The authorities will hardly be complaining with so many jobs since created, but they have all been about oil and gas. Nigg is not quite full, but it is not far off.

Whether HIE foresaw this or simply wanted to maximise its chances of success in renewables, it began talking to the Whiteness investors at Ardersier some time ago. Partly on the back of these conversations, the company changed its name to Port of Ardersier and hired chief executive Stephen Gobbi, a well-regarded senior Peel Ports veteran, with a view to building a port dedicated to renewables. It is now looking for public assistance for a £25m infrastructure investment, which looks to be in the bag following Salmond's announcement. Gobbi stresses that the port is big enough to cope with all four of the manufacturers that have signed MoUs in the central belt.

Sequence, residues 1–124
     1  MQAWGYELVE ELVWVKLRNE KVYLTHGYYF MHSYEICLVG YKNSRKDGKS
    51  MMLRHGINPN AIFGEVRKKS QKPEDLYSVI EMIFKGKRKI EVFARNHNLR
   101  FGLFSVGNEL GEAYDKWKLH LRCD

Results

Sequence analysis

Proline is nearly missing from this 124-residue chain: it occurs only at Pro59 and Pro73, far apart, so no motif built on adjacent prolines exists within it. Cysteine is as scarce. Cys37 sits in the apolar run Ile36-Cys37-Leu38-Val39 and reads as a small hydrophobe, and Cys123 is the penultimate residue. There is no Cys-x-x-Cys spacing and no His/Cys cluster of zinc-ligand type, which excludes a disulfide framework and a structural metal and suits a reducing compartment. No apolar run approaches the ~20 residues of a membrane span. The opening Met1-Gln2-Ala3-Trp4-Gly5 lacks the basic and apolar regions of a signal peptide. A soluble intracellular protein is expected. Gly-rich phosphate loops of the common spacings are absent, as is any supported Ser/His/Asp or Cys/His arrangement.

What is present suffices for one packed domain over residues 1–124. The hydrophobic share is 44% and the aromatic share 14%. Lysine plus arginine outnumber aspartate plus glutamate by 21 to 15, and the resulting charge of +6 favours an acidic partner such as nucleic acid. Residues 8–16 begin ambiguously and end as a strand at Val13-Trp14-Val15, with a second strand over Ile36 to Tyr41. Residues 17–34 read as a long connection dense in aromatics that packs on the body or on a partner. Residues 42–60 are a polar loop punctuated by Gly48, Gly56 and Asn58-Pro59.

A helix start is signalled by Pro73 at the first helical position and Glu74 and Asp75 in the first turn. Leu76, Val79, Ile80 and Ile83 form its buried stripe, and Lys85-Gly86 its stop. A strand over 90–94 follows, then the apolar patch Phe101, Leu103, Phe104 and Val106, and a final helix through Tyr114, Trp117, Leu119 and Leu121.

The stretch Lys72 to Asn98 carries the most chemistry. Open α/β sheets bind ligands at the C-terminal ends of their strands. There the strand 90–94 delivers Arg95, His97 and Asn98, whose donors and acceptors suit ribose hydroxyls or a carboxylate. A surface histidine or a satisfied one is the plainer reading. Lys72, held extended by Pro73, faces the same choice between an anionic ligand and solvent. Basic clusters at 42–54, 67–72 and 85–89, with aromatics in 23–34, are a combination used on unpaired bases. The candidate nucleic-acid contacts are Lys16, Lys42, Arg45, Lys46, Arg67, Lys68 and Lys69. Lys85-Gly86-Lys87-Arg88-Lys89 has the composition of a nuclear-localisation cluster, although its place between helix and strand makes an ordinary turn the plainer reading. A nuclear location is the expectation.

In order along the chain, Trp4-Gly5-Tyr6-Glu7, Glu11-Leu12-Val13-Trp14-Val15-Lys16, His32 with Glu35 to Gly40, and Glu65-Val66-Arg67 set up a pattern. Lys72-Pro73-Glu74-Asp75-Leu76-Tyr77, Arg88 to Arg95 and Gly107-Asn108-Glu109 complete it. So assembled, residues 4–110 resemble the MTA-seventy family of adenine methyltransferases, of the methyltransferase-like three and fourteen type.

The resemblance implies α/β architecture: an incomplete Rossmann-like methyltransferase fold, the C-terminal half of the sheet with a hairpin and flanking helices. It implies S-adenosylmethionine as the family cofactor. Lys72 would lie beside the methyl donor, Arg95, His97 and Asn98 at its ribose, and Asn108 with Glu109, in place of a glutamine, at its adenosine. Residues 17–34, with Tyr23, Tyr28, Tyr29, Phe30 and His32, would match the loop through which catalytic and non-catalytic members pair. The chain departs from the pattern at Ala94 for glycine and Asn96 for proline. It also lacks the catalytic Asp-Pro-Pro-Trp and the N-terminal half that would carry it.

This leaves only Invergordon, a smaller port north of Nigg whose owner is Cromarty Port Authority. As with the Borgsten Dolphin, Invergordon and Nigg regularly work together. Invergordon is full almost to capacity with oil and gas work, but it is keen to play a role in renewables by offering secondary services like materials-handling and maintenance. It has a £20m expansion plan with this in mind. That this too now looks like getting public assistance seems to have put the port ahead of secondary rivals such as Wick and Buckie.

Some suspect the main reason for last week's announcement was to subtly signal a change in priorities in the Highlands. One well-placed source says: "Nigg is doing its thing. Kishorn is in the wrong location at the moment. The announcement is driven by Ardersier. I suspect that if HIE are doing something for one port, they have to be seen to be doing something for the other major ports too."